Just as gut flora imbalances can lead to depression, our spiritual imbalances manifest physically. Illness is a great catalyst for spiritual growth. I spoke in my Soul Whispering blog – Reconnecting the Heart – about severing my heart connection with my daughter, and where did my cancer manifest itself? In the breast, right slap bang in the middle of my heart centre.
Fear is the emotional equivalent of sugar, wreaking the same havoc on our bodies, destroying our gut flora and weakening our immune system. Which is why one of the most important things to eradicate when faced with a cancer diagnosis is fear. I know it’s not easy. Cancer = Fear. I don’t blame anyone who gives in to it. But it can be done, though it’s hard work. I worked really hard at staying calm, cheerful and positive, because I knew my life depended on it.
A year before my cancer diagnosis I suddenly experienced severe panic attacks and anxiety, lasting several months. I was lucky enough to find the cause – over-breathing – and cure, Buteyko Breathing Retraining. It wasn’t hard to see the connection when I was diagnosed with cancer. And I wasn’t actually scared then. Cancer was something I could understand and tackle. Not being able to breathe in the panic attacks was much scarier. You don’t breathe, you die.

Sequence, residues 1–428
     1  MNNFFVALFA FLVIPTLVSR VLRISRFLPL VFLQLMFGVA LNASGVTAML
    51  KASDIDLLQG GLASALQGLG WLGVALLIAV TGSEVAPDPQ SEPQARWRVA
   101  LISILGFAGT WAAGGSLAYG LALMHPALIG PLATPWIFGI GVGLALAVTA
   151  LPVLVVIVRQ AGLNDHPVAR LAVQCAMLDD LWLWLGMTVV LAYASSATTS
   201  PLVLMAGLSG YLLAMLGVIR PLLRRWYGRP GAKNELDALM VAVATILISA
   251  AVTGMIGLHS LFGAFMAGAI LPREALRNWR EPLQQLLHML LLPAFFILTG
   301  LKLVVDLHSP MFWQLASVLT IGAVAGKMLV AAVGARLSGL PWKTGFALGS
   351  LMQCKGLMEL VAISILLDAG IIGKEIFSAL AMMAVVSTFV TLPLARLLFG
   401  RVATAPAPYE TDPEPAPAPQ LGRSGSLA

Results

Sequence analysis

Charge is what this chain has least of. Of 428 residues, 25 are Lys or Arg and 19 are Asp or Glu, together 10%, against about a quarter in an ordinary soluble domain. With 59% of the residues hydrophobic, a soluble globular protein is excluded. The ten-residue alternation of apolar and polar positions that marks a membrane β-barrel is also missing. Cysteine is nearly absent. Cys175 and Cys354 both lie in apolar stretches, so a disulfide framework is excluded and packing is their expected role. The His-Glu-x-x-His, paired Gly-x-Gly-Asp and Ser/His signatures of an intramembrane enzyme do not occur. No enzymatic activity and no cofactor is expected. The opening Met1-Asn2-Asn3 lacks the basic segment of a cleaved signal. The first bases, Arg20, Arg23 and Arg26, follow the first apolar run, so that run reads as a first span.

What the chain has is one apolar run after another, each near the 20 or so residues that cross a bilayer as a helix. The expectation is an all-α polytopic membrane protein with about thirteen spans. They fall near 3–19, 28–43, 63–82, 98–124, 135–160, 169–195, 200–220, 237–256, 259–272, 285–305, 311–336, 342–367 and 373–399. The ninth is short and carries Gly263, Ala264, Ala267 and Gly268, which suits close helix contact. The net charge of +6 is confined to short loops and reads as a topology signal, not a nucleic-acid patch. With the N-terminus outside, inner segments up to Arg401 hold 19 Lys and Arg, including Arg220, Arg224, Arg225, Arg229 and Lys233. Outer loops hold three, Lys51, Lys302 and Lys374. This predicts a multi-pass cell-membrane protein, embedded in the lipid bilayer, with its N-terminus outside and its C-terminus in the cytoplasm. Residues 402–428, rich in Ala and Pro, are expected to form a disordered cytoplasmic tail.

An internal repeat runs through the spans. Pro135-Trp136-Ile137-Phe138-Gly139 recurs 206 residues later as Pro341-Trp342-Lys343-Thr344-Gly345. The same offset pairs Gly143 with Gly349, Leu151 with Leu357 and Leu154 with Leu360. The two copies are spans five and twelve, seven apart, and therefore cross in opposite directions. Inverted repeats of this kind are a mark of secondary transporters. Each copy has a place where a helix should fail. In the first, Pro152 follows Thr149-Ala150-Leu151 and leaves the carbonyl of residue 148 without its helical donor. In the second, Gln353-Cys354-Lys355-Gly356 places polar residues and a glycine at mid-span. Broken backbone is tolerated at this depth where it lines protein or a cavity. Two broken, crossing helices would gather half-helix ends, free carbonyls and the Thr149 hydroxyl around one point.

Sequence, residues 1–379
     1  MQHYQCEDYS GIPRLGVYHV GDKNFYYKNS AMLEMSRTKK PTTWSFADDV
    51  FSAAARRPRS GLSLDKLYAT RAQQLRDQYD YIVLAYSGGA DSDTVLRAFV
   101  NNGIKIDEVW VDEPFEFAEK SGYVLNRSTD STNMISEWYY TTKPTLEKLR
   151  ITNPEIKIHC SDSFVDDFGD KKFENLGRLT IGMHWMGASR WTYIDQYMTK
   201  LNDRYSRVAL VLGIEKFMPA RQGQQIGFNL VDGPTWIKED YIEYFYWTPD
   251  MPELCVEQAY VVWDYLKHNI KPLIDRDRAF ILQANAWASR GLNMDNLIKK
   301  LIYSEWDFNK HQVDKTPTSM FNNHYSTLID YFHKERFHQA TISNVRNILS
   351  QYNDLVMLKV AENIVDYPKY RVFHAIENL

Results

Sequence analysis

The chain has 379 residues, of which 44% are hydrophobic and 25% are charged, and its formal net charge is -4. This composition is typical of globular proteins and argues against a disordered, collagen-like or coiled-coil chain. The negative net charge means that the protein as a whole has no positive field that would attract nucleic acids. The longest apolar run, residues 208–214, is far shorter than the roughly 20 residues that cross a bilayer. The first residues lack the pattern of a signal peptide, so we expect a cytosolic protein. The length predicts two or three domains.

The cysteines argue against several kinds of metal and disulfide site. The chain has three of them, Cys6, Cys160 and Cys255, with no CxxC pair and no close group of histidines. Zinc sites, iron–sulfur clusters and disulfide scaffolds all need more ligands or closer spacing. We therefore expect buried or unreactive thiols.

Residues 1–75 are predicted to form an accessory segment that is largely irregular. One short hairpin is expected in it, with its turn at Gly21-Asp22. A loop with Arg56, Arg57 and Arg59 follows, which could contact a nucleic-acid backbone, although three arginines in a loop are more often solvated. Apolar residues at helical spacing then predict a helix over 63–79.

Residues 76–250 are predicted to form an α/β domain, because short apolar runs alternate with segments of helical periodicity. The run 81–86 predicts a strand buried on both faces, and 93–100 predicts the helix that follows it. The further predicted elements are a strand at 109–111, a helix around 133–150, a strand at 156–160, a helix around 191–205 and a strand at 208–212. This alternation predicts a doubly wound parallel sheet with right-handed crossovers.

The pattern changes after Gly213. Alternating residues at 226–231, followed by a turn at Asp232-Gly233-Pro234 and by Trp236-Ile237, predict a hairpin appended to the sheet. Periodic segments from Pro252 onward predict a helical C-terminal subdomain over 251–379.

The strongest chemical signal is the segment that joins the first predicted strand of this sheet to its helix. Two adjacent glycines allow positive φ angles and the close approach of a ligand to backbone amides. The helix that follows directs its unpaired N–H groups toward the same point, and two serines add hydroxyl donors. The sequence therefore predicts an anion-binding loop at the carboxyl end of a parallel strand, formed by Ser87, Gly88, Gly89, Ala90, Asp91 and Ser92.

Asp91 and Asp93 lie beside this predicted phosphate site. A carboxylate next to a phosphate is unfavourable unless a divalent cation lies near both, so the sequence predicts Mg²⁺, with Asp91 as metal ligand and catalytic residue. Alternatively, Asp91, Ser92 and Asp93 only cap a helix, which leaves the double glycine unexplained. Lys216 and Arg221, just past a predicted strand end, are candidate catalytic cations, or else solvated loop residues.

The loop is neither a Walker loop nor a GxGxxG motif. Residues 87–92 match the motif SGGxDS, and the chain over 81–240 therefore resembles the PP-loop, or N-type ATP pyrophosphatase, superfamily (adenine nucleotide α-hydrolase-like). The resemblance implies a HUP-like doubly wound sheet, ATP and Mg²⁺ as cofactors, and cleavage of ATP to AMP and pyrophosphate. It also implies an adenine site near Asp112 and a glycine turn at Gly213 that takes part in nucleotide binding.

My cancer was caught early and I knew I wouldn’t die. I had been given that reassurance almost from the start. And I had a LOT of spiritual help at staying strong and calm. I was given the gift of strength.
If I was religious I would say that God lifted me up in his hands. That’s what it felt like.